LEO





            Leo Moser

            -----Original Message-----
            From: Constructed Languages List [mailto:CONLANG@...] On Behalf Of Jim Henry
            Sent: Thursday, August 21, 2014 12:01 PM
            To: CONLANG@...
            Subject: Re: Academic Semantics and Conlanging - was RE: "big" versus "large"



            On Wed, Aug 20, 2014 at 5:43 PM, Leo Moser < <mailto:leo@...> leo@...> wrote:

            > Do any of you have Conlangs in which the speaker's attitude toward the things that he/she mentions is reflected by an inflection pattern on the words?



            A sketchlang I worked on about six or seven years ago had attitude as an inflectional category on nouns. I may have posted about it here on the list, but I don't have a web page about it.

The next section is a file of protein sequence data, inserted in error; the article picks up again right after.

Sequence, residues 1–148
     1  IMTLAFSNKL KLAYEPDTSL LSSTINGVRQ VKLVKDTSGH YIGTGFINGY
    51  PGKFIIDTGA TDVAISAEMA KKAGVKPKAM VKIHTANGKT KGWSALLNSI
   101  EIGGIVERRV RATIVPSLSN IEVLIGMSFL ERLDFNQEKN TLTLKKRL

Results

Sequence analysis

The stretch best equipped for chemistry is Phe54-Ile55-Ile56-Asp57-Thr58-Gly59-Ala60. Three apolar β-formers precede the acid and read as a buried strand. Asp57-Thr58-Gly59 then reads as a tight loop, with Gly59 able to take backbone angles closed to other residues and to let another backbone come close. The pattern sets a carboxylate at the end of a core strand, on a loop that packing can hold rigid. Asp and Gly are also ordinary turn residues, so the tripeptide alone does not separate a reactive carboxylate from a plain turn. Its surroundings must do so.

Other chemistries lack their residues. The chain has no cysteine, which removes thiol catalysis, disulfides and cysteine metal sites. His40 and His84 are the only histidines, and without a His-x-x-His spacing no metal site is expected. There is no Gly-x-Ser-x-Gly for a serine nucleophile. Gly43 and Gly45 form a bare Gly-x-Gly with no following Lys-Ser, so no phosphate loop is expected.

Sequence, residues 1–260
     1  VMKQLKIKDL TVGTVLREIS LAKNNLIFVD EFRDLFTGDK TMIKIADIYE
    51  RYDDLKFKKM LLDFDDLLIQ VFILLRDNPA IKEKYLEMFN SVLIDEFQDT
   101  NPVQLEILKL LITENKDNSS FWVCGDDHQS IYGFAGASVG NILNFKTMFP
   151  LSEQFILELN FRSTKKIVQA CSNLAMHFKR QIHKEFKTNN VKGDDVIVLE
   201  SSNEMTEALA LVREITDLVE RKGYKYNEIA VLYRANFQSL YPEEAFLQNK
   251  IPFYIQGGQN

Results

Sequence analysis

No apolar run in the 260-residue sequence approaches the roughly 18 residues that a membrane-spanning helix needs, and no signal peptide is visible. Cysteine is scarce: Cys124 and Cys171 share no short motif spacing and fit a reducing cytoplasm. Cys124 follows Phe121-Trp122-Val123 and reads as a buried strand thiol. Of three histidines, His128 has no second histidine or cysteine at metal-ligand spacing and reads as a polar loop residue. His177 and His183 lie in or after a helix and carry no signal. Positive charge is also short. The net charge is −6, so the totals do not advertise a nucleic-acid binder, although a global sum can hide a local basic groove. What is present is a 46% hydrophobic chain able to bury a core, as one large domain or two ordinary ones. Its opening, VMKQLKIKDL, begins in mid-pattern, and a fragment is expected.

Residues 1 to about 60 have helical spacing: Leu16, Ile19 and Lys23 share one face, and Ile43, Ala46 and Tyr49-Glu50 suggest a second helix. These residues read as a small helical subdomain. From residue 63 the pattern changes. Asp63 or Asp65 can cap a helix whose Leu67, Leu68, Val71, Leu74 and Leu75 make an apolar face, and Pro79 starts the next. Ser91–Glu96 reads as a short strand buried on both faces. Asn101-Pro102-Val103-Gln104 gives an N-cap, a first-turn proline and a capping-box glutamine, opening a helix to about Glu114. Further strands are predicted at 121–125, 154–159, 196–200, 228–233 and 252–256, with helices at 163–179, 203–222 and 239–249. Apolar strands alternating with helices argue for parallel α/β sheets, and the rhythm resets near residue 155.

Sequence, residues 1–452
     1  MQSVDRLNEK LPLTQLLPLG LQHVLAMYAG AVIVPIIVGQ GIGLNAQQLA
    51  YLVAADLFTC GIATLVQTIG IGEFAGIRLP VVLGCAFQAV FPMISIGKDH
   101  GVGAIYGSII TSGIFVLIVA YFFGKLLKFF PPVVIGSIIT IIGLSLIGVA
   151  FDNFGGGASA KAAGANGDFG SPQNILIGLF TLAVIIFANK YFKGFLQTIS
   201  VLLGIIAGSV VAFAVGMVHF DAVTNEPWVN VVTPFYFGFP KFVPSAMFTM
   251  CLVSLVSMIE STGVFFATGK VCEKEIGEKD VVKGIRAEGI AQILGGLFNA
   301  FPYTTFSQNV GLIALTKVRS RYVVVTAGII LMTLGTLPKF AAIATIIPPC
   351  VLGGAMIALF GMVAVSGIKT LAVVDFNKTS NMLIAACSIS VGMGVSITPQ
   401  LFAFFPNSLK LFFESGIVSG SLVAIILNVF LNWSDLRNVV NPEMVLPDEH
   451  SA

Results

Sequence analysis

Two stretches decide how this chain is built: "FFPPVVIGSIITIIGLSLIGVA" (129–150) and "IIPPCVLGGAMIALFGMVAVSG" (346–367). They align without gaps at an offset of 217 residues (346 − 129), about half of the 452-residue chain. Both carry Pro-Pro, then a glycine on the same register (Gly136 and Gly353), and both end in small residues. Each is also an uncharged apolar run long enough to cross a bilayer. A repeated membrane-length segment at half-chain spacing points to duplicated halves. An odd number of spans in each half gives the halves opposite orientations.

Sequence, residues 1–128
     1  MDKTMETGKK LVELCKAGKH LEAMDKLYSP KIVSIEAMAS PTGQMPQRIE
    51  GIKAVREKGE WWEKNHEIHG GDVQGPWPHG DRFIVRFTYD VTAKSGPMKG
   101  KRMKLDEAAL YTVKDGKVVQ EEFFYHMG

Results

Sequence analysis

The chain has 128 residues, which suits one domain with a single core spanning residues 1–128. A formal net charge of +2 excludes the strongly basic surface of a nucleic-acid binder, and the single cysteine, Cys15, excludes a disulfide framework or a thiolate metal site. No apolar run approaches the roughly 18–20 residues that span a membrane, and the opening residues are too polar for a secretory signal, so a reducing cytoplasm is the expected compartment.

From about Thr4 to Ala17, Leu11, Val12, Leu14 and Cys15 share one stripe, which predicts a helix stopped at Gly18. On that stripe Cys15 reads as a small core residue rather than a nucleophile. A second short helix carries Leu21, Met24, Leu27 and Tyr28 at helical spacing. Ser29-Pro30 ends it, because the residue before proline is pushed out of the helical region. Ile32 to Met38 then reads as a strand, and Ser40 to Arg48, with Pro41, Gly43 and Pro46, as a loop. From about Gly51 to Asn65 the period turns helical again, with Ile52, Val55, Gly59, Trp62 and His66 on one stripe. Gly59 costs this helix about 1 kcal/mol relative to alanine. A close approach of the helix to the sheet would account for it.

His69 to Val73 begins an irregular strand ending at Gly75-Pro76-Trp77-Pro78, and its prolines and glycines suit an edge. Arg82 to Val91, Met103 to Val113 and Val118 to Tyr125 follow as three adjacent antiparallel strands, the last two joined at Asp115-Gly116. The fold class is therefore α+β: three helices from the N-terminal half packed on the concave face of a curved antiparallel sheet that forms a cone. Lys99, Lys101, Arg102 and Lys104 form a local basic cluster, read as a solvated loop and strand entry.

If I recall correctly, the attitudes marked by that category included affection, respect, fear, amusement, and two or three others. This category was marked fusionally along with another category, I think "usefulness" -- useful, useless, harmful, or end-in-itself.



            --

            Jim Henry

            <http://www.pobox.com/~jimhenry/> http://www.pobox.com/~jimhenry/

            <http://www.jimhenrymedicaltrust.org> http://www.jimhenrymedicaltrust.org
          • Adam Walker
            Chang E, a beautiful maiden, also lives in the moon in Chinese stories. Adam
            Message 5 of 6 , Aug 21, 2014
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              Chang E, a beautiful maiden, also lives in the moon in Chinese stories.

              Adam


              On Thu, Aug 21, 2014 at 4:01 PM, Leo Moser <leo@...> wrote:

              > Ingus Macats reports:
              > > Fun fact, in Latvian mythology, the moon (Mēness) is a bald guy! 😊
              >
              > Does that imply respect -- as an elder perhaps?
              > Or is it an amusing touch?
              >
              > The Chinese see a rabbit on the moon, of course, not a face. In most